Do you want to go racing, but only lack the race car and professional license? That's okay! While NASCAR won't allow you on-track just yet, there are plenty of ways for the total beginner to get out there and hit the redline, safely and affordably. If it's time to put away your racing video games for the real thing, head to one of these local events to get your adrenaline fix.Source | Andy Jensen
By far the most affordable way to transform your daily driver into a race car is to visit your local drag strip. Quarter mile and eighth-mile tracks are scattered across the country, and most will have a “test and tune" session every week or two. Wait for the green light, gas it, and get to the finish as quickly as possible. The first one down the track wins, then make adjustments to tire pressure or suspension settings, and head out for another, faster pass. An entire evening of racing can run as little as $15, with zero additional equipment needed if your car is safe and not incredibly quick. Still in high school and driving mom's 1989 Ford Escort? That's okay, just bring your license and insurance, and you're all set to go racing.
If straight line racing isn't your thing, look into autocross. Typically taking place in closed parking lots, the “track" is an improvised course that can be unique and challenging every single time, unlike most other race formats. The goal is to finish as quickly as possible, but getting there requires a smart and smooth driver rather than a high horsepower mega-dollar car. If you aren't a member, you'll have to pay the slightly higher entry fee of roughly $50, but that's still a great deal for hours of fun and a learning experience. You'll need a helmet. You can borrow a loaner from the track, but good helmets that meet safety standards are also affordable.Source | Andy Jensen
Track days take place on America's various road courses, and will have different rules according to the club running the event. In general, you're looking at high speeds on technical tracks with elevation changes, hairpins, and off-camber turns. High Performance Driving Events are high-speed learning experiences. While they aren't technically races, HPDE is a great way to go all out on a road course. Track Night is another friendly event for the total beginner, and you can opt for instruction here too.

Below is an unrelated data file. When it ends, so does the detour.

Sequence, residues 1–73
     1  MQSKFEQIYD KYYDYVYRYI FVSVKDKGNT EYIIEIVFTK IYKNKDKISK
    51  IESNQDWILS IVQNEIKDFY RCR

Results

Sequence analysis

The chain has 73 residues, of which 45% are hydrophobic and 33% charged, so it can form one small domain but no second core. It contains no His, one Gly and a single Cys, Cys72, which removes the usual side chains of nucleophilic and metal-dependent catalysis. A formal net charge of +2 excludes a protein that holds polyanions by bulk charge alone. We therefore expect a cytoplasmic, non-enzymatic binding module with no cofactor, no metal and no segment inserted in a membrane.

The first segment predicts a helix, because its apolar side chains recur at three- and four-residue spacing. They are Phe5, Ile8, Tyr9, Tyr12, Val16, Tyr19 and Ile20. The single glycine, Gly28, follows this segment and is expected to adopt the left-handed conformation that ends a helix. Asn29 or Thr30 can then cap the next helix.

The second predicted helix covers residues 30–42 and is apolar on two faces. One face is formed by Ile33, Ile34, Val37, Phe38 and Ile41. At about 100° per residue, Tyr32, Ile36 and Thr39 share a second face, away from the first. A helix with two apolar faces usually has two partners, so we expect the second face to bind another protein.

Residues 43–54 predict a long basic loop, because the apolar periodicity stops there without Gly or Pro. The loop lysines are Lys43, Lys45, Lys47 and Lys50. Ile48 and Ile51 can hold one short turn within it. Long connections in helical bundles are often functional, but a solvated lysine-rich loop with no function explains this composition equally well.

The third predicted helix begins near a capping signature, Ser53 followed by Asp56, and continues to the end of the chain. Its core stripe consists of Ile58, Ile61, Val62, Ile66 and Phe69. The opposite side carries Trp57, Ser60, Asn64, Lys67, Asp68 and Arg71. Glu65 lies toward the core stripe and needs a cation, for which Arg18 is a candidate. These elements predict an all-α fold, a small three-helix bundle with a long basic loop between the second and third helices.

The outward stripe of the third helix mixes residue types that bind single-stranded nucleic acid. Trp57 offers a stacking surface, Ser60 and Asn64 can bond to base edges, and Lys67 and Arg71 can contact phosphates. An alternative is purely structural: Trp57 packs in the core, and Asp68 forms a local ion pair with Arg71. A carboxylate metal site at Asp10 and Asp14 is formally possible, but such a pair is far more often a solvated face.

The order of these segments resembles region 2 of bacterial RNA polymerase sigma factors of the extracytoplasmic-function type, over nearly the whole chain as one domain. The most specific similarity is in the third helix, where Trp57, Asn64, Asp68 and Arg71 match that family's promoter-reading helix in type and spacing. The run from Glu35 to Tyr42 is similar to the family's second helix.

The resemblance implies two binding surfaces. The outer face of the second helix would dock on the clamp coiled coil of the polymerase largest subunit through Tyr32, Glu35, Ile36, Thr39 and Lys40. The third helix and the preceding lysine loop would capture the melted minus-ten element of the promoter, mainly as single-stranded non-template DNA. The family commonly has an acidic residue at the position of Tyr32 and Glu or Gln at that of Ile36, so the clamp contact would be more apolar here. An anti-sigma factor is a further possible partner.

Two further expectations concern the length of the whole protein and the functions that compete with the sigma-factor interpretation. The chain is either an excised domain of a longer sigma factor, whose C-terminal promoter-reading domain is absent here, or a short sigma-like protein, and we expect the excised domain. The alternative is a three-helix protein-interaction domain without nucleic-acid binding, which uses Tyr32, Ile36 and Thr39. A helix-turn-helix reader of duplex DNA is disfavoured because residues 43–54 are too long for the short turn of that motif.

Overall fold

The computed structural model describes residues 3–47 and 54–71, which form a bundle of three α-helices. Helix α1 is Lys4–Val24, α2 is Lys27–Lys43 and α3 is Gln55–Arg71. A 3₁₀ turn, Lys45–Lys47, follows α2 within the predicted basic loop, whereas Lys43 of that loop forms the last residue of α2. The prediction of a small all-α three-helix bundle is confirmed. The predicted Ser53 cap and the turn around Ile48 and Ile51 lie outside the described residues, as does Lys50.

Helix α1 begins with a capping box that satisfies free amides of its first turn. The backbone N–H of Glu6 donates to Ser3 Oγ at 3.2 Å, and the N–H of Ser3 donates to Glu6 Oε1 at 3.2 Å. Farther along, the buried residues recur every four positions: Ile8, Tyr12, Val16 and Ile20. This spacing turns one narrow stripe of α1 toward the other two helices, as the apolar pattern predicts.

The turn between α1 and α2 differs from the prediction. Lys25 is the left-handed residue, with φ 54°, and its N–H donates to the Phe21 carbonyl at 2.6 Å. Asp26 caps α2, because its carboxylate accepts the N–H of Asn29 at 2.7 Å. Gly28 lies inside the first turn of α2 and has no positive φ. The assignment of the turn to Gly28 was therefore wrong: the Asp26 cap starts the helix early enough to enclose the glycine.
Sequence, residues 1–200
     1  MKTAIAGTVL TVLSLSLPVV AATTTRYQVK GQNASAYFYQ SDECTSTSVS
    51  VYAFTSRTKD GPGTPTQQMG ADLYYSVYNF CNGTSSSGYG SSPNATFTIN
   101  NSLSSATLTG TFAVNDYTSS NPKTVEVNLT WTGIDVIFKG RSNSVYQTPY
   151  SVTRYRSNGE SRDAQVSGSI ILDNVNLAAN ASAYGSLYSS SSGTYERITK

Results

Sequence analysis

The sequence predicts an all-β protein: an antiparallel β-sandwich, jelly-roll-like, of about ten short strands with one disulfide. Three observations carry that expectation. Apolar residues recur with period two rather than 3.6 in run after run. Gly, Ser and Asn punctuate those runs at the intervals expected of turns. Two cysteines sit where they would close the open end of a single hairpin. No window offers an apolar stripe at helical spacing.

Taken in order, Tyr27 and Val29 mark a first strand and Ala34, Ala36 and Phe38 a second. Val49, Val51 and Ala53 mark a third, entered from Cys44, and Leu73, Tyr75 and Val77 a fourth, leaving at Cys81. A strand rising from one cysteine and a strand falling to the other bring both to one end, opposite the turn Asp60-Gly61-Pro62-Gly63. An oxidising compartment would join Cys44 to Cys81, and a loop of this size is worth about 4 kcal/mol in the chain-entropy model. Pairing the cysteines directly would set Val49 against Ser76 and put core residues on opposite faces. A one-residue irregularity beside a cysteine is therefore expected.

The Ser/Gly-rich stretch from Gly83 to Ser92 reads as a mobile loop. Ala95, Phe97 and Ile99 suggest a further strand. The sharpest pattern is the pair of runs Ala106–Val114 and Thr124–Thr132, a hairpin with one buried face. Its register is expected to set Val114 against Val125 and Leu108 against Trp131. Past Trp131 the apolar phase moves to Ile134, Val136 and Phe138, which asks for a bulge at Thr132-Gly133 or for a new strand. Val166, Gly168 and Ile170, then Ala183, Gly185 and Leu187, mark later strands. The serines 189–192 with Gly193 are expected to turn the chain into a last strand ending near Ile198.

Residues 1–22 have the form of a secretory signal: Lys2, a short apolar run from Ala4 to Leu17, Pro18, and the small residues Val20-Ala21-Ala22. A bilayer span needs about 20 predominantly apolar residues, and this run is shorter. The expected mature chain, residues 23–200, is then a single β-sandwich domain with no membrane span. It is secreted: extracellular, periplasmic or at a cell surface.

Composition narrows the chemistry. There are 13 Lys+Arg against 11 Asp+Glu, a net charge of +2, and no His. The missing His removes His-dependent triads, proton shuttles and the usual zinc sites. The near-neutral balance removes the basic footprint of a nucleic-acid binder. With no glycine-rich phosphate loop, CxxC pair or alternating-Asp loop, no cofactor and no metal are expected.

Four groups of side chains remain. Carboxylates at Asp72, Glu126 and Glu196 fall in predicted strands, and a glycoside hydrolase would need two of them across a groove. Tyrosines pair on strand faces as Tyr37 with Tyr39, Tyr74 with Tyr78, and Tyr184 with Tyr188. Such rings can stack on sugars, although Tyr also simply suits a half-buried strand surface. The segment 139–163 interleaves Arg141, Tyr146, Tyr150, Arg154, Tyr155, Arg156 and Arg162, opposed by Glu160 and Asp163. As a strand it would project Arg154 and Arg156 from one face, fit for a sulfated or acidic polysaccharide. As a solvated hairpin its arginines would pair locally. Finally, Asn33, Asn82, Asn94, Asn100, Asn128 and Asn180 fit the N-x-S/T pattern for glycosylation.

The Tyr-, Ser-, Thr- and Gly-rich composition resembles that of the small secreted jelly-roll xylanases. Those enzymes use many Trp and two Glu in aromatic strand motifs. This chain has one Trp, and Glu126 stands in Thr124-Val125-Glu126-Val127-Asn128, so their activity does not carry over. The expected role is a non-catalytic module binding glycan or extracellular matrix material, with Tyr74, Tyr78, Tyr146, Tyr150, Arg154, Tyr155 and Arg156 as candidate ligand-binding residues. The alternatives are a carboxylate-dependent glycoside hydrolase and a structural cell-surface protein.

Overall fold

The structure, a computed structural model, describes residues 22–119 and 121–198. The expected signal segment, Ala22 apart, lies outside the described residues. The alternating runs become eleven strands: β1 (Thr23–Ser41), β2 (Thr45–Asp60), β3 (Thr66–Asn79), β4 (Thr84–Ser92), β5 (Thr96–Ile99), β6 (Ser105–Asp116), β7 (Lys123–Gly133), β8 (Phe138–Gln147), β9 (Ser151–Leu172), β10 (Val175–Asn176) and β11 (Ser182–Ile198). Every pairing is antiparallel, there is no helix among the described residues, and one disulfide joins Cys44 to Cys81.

“Real racing. Real tracks. Real cheap cars." You've seen Laguna Seca and Daytona on TV, now it's time to race on them in total beaters. Chump Car turns junk into race cars in a throwback to when private teams were able to go out and win a weekend race. This will cost a bit, as your race car will need a cage and other safety equipment, but it can be done for just a few grand, which is a bargain to field a car in an endurance race series. 24 Hours of LeMons similarly flogs cheap beaters, but with even more flair.
If you don't care about trophies and just want to go fast, look into the various forms of race schools. Xtreme Xperience gives classroom instruction, followed by laps in an exotic supercar with a pro race driver giving tips on how to go faster in every section of track. Step up to a real race car for just $200 with Driving101. Real NASCAR race cars and pit crews provide an extra touch of realism as you pretend to be Kevin Harvick at 170 mph. Last, if you really want to learn to drive fast, sign up for a class at Bondurant Race School. You'll learn advanced techniques in Vipers, Hellcats, and open wheel racers.
Good advice for all race formats is to have a car in good working condition. If you feel the need to spend money on upgraded parts, start with the best tires and brakes you can afford. Finally, remember to relax and just have fun your first time out. Next time, focus on trying to set a new personal best time, but the point is to get out there and get started.
Have any advice for first-timers? Let's hear it.